Again: You will be due literally zero residual income from the moment the final build is approved until after around *24,000 copies* are sold. And when I say "due" income by then, I don't mean that you'll be *receiving* it any time soon.
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They don't have to start paying you your share until *30 days after the end of the QUARTER*, ie. up to 4 months past when it's *due*, and can withold "expected returns" up to 3 months more. Keep in mind, there's also no legal obligation to show you any financial records.
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Oh yeah - and your (eventual) share is also expected to cover all global sales tax. Why would *that* be a burden the party responsible for handling sales covers?
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I'm an individual and they're a corporation - letting me earn literally any money pre-recoup doesn't affect the eventual full recoupment or hurt them in any way, at all, either as a business or as individuals.
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Catch them underpaying you? There's no penalty clause (you're repaid only what was withheld), and you're going to pay for that auditor even if you DO prove fraud. For the Nth time, the exploitation is not just penalty-free but also PROFITABLE if I don't opt to gamble that cost.
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Have a disagreement over being told to add advertising systems to your game, or over changing/adding content you don't agree with? Guess what - they can have a 3rd-party dev it anyway, and you're paying for it. (Also no defined budget/cost limit on this, as before)
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When I voiced heavy concerns with the contract, they were surprised. Like, very honestly surprised. Again, I don't think they *meant* harm or to exploit. But predatory behaviour has been normalized in the industry. I guess it just doesn't stand out anymore.
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GIF
They responded by asserting the contract *couldn't* be exploitative b/c top lawyers in the industry wrote it ๐Ÿ™„ and b/c other devs have signed it. The fact that they still easily sign devs on this is a poor reflection on the industry, not a vote in favour of the practice.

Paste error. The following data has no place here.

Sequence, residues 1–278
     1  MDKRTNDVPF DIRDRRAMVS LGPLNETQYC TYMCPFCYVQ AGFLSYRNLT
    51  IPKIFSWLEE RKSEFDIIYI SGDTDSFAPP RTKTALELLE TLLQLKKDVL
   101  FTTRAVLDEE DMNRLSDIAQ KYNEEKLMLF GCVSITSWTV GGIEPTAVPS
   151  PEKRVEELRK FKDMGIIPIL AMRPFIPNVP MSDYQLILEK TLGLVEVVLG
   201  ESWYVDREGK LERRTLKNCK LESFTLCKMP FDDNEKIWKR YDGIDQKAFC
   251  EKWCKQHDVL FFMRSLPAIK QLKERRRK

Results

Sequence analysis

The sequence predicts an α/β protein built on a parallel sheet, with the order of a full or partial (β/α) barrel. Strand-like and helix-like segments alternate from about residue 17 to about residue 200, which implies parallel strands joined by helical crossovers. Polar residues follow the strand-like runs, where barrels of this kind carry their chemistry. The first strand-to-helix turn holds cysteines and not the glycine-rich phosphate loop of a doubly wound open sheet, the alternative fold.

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Important context: They approached *me*. I wasn't looking for a publisher, and already had enough (barely, but enough) Kickstarter funds to go without them. These were the terms offered with literally as much leverage as someone in my in my position can have.
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If you're reading this hoping to find a publisher to take your small project to the next level: Get the contract. READ the contract. Skip to the terms of termination and check what happens if something goes wrong.
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Check how often and how quickly you get paid, and what visibility you have into the accounting process. Check how disagreements are resolved, and what triggers penalization. Check that they actually have to launch your game. CHECK.

5:02 PM ยท Aug 13, 2021

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No matter what you're told conversationally, and regardless of if the people you're speaking with mean well (which they probably do), the legal terms are the ONLY guarantees you have as to how the business has to treat you - and a business will never put you first in a pinch.
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You are a person. They are a business. Don't capitulate and don't indebt yourself. Me, I'm going to make the damn game anyways, you know? Be good to each other. Thanks for reading.
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Some follow-up - can't reply to all comments anymore.
No idea how to respond to all the positive support. Thank you #indiedev. I'm really glad this has sparked more conversation, and to to see a lot of comments from devs saying they'll approach publisher contracts a lot more cautiously now. Some questions/answers/thoughts ITT:
Show this thread
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Replying to @jakefriend_dev
You might like to clarify if by "check", you mean "pay a (competent) lawyer to check". ๐Ÿ˜€
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A lawyer is a great idea, but you can check for yourself before doing so! If the red flags are obvious, you can save the fee - if they're not obvious, THEN it's lawyer time, because they're certainly still there.
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